Asian giant hornet could spread in US, researchers say

Hornet likely to settle west of the Cascades because the humidity serves as a better climate for them

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COURTESY OF WSDA

The Asian giant hornet does not have predators in the U.S and can destroy a honey bee colony within minutes.

ANGELICA RELENTE, Evergreen editor in chief

The Asian giant hornet could potentially settle on the west coast, according to a recently published research article by WSU researchers. 

The hornet is native to Asia, and it preys on honey bees, according to the research article. A hornet’s nest was first sighted in September 2019 on Vancouver Island, British Columbia. Four hornets were found in Washington state later that same year. Three more queens were spotted in 2020.

Javier Gutierrez Illan, research assistant professor at WSU’s Department of Entomology, said he and his team wrote the article to analyze how far and successfully the hornet could spread. 

The research team compared the native niche of the hornet and looked for possible locations that could make the hornets feel “at home,” Illan said. They found the west coast provided the most ideal area for the hornets. 

“That is … a better climate for them. The human footprint for them is where you find the conditions that they are looking for,” he said. “They are looking for a combination of those factors.”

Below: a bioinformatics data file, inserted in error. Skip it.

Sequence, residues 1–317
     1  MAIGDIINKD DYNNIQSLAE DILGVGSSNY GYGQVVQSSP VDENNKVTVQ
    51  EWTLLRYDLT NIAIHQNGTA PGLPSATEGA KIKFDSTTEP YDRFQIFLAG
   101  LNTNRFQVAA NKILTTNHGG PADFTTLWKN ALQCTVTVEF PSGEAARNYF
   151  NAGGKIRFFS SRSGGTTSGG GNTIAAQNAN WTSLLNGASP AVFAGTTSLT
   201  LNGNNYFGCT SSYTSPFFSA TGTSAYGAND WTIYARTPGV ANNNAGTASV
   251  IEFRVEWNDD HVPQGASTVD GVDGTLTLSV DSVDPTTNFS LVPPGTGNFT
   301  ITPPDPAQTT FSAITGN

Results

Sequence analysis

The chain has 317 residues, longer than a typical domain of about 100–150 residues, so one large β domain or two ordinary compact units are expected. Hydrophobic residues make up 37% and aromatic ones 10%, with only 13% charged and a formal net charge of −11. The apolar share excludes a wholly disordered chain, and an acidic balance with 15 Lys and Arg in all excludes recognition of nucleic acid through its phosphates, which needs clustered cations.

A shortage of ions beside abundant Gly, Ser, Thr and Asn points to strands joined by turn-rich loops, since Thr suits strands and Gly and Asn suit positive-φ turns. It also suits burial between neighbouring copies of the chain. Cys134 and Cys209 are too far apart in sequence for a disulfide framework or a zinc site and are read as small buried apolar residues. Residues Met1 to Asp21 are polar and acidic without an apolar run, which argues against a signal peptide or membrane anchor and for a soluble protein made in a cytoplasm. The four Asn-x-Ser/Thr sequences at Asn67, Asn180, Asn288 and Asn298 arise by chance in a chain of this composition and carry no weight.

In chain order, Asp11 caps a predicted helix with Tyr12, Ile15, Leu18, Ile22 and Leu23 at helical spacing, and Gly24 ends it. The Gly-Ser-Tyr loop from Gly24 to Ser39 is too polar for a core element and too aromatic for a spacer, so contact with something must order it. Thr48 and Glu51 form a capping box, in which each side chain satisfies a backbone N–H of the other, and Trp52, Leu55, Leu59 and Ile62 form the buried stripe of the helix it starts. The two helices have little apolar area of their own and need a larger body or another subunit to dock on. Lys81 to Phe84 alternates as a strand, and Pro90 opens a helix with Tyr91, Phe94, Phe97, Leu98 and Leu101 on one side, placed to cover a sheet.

Some of the potential locations include Northern California, Washington and Oregon, Illan said. The hornets would most likely situate themselves west of the Cascades because it is more humid than the east side. 

Honey bees in North America do not have the defense mechanisms Japanese honey bees are equipped with when dealing with the hornet, according to an Evergreen article. This makes North American honey bees an easy target.

“[The hornets] can destroy a honey bee colony in a matter of minutes,” Illan said. “That’s the worry here.”

Beekeepers could also face repercussions from the hornets, according to the Evergreen article. A hornet’s stinger, which has 4.1 microliters of venom, can easily penetrate a regular beekeeping suit.

Illan said one question he has been asked is if researchers can import Japanese honey bees to get rid of the hornets. Although the intention is good, he said bringing in an invasive species would not end well. 

The hornets do not have a predator in the U.S., said Gengping Zhu, postdoctorate researcher at WSU’s Department of Entomology. However, chemical pesticides could be a possible solution. 

Illan said they are still continuing to track the hornets’ movements in the U.S. and are looking for ways to improve the models they used for the research. 

“I’m hoping that [researchers] can eradicate this thing,” Illan said. “I have nothing against the bug itself, but it’s not native from here and it can cause a lot of trouble for honey bees.”